After honing his sushi-making skills for decades at Sayaka Japanese Restaurant, Miguel opened his own restaurant with his own style of sushi. Sushi Miguel's Style means artful rolls topped with crumbled tempura placed delicately on a granite tabletop. Miguel's style is thick hand rolls bursting with spicy tuna and nigiri topped with bright-pink salmon and doused in tasty sauce, adding color and flavor to palates.
Chef and owner Hisashi Araki fuses authentic Japanese cuisine with European influences, combining flavors of Japan, France, Italy, and Germany in his reinterpretation of sushi. The chef's Araki sashimi platter stages a performance of six specialty cold dishes that change to match the freshest daily market selections. Slices of yellowtail carpaccio entertain diners with notes of cilantro, serrano chili, and lively games of pin the tail with the chopsticks, and the scallops sashimi coats tender bivalves with a spicy yuzu sauce. Cuts of the tai japanese sea bream luxuriate under layers of dry miso and chives, drizzled with a hint of truffle oil. Guests can pair elegant slivers with a flight of five homemade sakes infused with fruit to tickle palates better than bites from a knuckle sandwich.
Diners at Sushi Area 909 wash down sashimi, teriyaki, and 62 fresh, creative sushi rolls with 15 types of sake and 12 different beers. The Soy Lovely roll cradles crispy shrimp tempura with tooth-easy crab and fresh lettuce ($8.95), and the Viva La Vegas roll combines four kinds of fish with avocado, cream cheese, and a roulette-wheel garnish ($7.95). Diners can also sink incisors into fresh sashimi such as the spicy-tuna plate ($10.95) or slurp tangy sauce from chicken, beef, or salmon teriyaki ($9.95–$10.95). All meals commence with a complimentary serving of edamame—tender, lightly salted soybeans perfect for launching across tables at unsuspecting dates.
Sushiya Japanese Restaurant and Bar's culinary craftspeople concoct an extensive assortment of sushi rolls, hot and cold Japanese appetizers, noodle dishes, entrees, and salads. Inspired by Tokyo’s combined restaurant/sports clubs, Sushiya divides its interior between a dining room and an entertainment area with televisions broadcasting the latest sporting events, news programs, and goldfish beauty pageants. A full bar pairs cuisine with authentic Japanese sakes, exotic beers, and international wines hailing from locales such as Spain, Argentina, Chile, and California. Flanked by custom-designed fixtures, hardwood floors fashioned from exotic woods cradle rows of tables as lamps and candles conjure an intimate eating atmosphere.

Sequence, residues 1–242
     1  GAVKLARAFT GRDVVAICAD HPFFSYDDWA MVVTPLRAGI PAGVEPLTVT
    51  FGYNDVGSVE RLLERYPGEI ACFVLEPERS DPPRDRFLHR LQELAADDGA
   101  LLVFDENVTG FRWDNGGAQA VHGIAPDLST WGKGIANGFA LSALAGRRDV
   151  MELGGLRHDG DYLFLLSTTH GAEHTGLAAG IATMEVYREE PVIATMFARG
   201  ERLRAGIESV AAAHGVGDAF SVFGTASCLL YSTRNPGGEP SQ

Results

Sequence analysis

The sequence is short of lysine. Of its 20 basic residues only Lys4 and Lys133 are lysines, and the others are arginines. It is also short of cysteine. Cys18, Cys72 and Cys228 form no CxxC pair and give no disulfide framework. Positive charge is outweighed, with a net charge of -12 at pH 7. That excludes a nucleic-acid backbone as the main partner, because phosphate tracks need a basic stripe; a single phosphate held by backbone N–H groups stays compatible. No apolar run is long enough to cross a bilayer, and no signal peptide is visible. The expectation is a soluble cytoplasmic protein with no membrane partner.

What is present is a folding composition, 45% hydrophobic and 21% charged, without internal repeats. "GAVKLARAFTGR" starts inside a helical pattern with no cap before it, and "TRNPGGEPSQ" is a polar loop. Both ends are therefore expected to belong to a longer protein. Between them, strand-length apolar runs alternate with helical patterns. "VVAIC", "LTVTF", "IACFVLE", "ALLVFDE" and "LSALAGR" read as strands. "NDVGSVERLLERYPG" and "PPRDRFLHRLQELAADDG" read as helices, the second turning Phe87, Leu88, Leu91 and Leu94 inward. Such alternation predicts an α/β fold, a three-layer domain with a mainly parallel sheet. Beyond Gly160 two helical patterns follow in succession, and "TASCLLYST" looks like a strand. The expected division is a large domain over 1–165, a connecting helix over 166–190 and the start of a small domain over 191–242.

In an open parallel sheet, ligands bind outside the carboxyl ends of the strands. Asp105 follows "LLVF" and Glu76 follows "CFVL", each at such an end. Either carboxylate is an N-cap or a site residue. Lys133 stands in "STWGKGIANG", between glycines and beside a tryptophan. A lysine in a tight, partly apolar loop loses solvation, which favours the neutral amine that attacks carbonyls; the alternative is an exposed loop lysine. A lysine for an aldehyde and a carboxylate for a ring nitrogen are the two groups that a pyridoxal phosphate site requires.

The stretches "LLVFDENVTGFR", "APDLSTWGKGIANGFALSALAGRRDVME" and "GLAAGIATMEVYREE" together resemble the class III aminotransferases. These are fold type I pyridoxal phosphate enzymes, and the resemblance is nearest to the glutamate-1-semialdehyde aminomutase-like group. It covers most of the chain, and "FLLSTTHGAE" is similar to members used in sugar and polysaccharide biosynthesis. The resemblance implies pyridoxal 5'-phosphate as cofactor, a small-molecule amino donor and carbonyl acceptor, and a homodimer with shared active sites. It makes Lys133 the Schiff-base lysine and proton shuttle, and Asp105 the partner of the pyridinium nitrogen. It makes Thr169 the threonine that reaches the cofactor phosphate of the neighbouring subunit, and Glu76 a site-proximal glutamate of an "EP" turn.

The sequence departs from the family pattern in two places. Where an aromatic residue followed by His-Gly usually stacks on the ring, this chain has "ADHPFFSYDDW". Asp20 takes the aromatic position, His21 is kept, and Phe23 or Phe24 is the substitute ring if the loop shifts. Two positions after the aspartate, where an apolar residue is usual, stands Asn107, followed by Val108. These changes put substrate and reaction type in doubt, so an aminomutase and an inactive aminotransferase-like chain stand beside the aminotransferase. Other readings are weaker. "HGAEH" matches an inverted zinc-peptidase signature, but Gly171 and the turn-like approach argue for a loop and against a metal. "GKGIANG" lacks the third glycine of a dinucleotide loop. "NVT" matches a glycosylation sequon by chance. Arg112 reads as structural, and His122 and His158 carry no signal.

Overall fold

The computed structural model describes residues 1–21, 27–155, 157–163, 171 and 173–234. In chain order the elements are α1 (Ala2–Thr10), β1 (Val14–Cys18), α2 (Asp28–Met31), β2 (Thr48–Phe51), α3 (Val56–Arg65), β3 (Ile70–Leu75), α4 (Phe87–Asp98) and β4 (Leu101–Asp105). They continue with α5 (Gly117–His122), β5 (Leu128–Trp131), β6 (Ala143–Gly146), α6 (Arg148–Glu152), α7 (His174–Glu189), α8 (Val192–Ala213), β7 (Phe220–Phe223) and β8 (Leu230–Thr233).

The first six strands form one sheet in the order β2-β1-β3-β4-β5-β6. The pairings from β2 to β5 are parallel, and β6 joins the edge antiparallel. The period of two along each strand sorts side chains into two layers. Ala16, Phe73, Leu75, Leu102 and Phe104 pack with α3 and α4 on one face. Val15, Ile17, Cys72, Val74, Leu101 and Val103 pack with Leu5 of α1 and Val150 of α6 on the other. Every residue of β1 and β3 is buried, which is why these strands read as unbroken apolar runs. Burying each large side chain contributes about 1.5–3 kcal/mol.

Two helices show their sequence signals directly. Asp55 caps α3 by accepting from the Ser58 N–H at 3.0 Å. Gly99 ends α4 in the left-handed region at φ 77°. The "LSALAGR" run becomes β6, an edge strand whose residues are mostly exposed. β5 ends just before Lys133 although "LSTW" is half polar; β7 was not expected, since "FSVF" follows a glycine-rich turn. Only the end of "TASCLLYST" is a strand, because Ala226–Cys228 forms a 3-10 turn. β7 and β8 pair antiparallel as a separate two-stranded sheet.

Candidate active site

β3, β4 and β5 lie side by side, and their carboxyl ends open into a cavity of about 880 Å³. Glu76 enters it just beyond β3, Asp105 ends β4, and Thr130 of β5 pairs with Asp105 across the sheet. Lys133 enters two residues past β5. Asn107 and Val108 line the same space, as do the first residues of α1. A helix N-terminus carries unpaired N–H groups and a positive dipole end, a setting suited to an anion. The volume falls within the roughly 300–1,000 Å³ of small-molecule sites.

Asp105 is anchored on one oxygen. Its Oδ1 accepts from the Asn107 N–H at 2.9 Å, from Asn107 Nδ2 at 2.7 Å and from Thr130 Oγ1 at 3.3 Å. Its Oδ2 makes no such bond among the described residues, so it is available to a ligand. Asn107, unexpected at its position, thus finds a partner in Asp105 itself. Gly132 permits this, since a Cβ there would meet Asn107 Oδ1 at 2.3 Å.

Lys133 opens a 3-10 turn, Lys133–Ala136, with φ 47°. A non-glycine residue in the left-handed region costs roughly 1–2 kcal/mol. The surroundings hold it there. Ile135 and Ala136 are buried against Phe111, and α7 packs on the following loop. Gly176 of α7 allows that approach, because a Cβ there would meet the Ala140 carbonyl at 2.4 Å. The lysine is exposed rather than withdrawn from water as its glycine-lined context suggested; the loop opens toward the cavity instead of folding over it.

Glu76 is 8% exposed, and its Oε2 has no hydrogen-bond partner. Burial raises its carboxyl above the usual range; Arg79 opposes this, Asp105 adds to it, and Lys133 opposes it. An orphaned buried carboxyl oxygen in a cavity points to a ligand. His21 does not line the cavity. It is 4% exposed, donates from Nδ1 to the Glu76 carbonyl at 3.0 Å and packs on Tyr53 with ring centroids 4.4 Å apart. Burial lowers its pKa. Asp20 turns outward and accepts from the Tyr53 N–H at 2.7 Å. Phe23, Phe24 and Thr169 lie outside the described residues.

Toro Sushi Bar invites you to join the bite-sized culinary festivities in a chic modern setting. Its menu features a wide variety of hand-made flavorful treats, from sushi to sashimi to full entrees to tapas. Enjoy the geometric perfection of a Creole Roll with crab, veggies, and seared Cajun tuna ($15) or the insistent adoration of the Loveulongtime Roll, which unites shrimp tempura, crab, avocado, masago and tobiko with a duo of eel and dynamite sauces ($15). If you've chosen to don your "Me and My Sushi and Sashimi – No Two Ways About It" custom tee-shirt, head straight into a carefully orchestrated array of blue fin tuna Maguro, octopus Tako, Hawaiian white tuna Ono, Japanese Red Snapper Carpaccio ($15), and the Kobe Beef Tataki with green onions, garlic chips and crispy red onions ($25). For even smaller eats, peruse the tapas menu for calamari, monkey balls (tempura style mushrooms stuffed with cream cheese, spicy tuna, and avocado), and edamame. You can complement your meal with specialty drinks, sake, wine, and beer.
Led by head shushi chef Toshiaki Mizutani, a Tokyo native with more than 30 years of experience, the chefs at Tokyo Bay Japanese Restaurant craft sushi rolls, teriyaki dishes, and crispy tempura-fried entrees from fresh, locally sourced ingredients. Its most popular rolls include the Wuz Up Be roll, stuffed with spicy yellowtail, avocado, and green wasabi-flavored tobiko, and the Deadliest Catch roll with snow crab, avocado, mayo, and roe, all topped with grilled eel and a savory sauce. Fuji rolls are filled, volcano-style, with spicy hot sauce, and after taking a bite, diners can put out the flames that erupt from their mouths with Japanese and domestic beer, sake, and wine.
In addition to sushi, guests feast on steak, chicken, and seafood in housemade teriyaki sauce. They slurp down noodle dishes or crunch into meats, vegetables, and tofu coated in tempura batter and fried to a light, crispy finish.